You’ve Got Fail.
There’s nothing like a good romance. And YOU’VE GOT MAIL is nothing like a good romance.
You see, it’s trying to sell us “romance” via e-mail. And the very nature of electronic mail – digitization, depersonalization – removes the elements that romance is built upon. Writer-director Nora Ephron has taken an old story (Ernst Lubitsch’s THE SHOP AROUND THE CORNER 1940, where a couple communicated via handwritten letters, from a Miklós László play called Parfumerie) and attempts a modern updating. And it works about as well as “rocking out” christmas songs. In other words, it makes us feel dirty.
In YOU’VE GOT MAIL, two grown people court each other via e-mail, the man duping the woman into falling for him, due to him knowing her identity in real life, but she being unaware of his real life identity, his duplicitous modus operandi being to use his real life persona to cultivate her in the direction of his e-mail persona. America’s Sweethearts, Tom Hanks and Meg Ryan, reunite in this witless romantic comedy (their previous witless romantic comedies: JOE VERSUS THE VOLCANO, SLEEPLESS IN SEATTLE) and take another giant leap towards becoming America’s Retards.
Hanks is corporate cool, playing powerful businessman Joe Fox, who opens a mega-chain bookstore right around the corner from a hole-in-the-wall indie bookstore owned by Kathleen Kelly (Ryan, once again trying overhard to be fastidiously cute, and since she’s not a 23-year-old with 36Ds – failing), causing her store to go bankrupt, which makes her despise him. He, in turn, just wants to spam her Inbox. Oh, okay, you could say that he sees in her a return to the wonder of reading before it became a business model and blah blah, but who are we kidding? Are we 12 years old?
When Joe and Kelly meet in an aol chat room, he somehow discovers she is the chick in the shop around the corner with the Inbox that needs filling – but she remains clueless that her knight in shining HTML is her business rival.
Duplicity ensues. Joe smooth-tongues his way into Kelly’s good graces – even though they are still business rivals – taking her out on talk-dates, with the eminently compelling conversation (you know I’m being sarcastic, right?) always turning to her e-mail romancer. He nudges her to a deep understanding of the frailties of this mysterious stranger – but again, we all know he’s just nudging her towards the Personal Folder in his pants.
And isn’t she – a good-looking woman – not the least bit suspicious of a virile, heterosexual male taking her out so much and NOT trying to view her Contents? Is she so incognizant that she still harbors the prepubescent girly notion of Just Friends? Shouldn’t her small brain at some point ponder on what every father on Earth has asked every teen wolf, “What are your intentions, young man?” We, on the other hand, know Joe’s intentions – he’s warming up that chocolate starfish, so that when it’s dilated fully he can slide in ripe without any lube – yet the film desperately tries to shove that purely honorable evolutionary intent under the carpet. What, may I ask, do the filmmakers think Joe’s intent is? Walk his fingers down her Index? Roughly remove her Dust Jacket? Or – is he actually fixin’ to marry this broad with whom he began a relationship through duplicity?… A fine message for all the potential stalkers out there who don’t how to begin courting the girl of their fevered fantasies.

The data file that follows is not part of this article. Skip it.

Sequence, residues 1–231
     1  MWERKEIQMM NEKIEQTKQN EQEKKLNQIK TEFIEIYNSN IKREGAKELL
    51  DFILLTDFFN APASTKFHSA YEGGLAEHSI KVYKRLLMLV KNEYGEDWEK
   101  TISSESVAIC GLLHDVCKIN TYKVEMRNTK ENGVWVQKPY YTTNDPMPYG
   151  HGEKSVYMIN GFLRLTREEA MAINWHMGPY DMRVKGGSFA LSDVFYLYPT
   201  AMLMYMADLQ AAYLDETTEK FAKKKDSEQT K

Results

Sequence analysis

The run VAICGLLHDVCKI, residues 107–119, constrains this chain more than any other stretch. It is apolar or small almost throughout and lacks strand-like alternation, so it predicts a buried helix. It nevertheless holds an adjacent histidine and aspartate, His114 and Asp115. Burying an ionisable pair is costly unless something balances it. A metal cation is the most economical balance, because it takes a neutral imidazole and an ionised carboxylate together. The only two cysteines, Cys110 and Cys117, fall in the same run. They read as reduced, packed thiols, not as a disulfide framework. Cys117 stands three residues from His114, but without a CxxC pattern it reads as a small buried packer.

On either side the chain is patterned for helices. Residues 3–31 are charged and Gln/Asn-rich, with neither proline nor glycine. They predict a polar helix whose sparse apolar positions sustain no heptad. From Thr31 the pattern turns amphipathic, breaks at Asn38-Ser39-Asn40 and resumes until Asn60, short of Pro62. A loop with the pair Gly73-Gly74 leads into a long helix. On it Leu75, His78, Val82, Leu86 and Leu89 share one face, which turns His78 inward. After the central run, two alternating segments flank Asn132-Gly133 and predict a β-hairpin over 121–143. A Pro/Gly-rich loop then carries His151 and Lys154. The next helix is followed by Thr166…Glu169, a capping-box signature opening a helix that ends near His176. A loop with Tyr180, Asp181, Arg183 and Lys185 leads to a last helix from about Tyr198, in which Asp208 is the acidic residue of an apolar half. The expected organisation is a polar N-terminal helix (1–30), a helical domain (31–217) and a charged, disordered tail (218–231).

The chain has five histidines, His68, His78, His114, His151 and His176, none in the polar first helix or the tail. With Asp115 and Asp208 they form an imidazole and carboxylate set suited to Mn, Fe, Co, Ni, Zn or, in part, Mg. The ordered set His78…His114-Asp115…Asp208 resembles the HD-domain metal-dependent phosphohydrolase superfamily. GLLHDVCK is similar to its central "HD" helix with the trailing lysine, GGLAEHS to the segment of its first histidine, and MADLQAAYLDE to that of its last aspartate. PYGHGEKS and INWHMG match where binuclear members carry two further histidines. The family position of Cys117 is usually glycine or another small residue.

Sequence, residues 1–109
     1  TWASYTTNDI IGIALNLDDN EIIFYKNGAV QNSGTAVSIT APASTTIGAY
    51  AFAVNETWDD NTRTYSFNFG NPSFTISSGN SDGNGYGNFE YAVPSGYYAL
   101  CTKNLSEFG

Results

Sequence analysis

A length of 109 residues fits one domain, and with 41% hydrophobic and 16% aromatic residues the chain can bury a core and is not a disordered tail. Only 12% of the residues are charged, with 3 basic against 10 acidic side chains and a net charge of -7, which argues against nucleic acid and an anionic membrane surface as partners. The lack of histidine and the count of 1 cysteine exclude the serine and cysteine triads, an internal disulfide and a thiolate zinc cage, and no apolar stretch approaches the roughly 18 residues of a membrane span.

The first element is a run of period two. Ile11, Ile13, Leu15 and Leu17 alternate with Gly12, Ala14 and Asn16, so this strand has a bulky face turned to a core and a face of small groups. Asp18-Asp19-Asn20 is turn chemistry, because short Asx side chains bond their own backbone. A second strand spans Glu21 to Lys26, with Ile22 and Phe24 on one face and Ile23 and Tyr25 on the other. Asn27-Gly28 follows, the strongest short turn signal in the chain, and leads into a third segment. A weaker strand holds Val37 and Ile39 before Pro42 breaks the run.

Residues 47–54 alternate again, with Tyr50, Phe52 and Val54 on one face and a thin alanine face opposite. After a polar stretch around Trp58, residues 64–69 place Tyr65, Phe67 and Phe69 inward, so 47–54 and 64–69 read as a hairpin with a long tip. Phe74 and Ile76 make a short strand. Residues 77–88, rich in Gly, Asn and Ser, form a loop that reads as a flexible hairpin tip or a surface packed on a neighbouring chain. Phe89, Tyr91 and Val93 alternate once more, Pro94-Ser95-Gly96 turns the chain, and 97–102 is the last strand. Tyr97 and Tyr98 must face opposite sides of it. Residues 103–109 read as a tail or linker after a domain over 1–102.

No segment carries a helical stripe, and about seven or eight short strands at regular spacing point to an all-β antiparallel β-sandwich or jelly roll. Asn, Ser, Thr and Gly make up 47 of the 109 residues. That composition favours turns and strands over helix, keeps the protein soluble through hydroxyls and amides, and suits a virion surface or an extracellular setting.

Greg Kinnear in a vapid role as Kelly’s initial boyfriend; Parker Posey in a shrikey role as Joe’s initial girlfriend. I like both these actors, given wretched roles here purely to show the lead characters making a journey from a dull relationship to a romantic chocolate starfish.
The only reason you need to send e-mail to a woman is for work-related documentation, or specific directions to cut out her incessant, inane yammering and unnecessary foreplay: “I’m going to be there at 11pm, so leave the door unlocked and be ass-up naked on the dining room table. Put on the dog-collar, wear the latex hood and don’t talk.” (How did my e-mail from last week get in here? Damn you, NSA!)
Long after the movie has overrun its welcome, Joe must reveal himself to Kelly as the man behind the e-mail (otherwise he’d never get to toss that salad, unless he wanted to resort to rape, or latex hoods). When Kelly discovers it has been Joe all along that was sniffing her out behind her back right under her nose, deceiving her and leading her on deceptively like a cow with a ring through her nose, her last line, as tears edge her eyes and her chocolate starfish dilates, readying for insertion, is, “I wanted it to be you.” Oh, so women really are stupid! And as they lick each other’s typeface, I was so nauseous that I cried real tears (and women around me thought I was an incurable romantic and I got a few numbers and tossed a few salads, so it all worked out).
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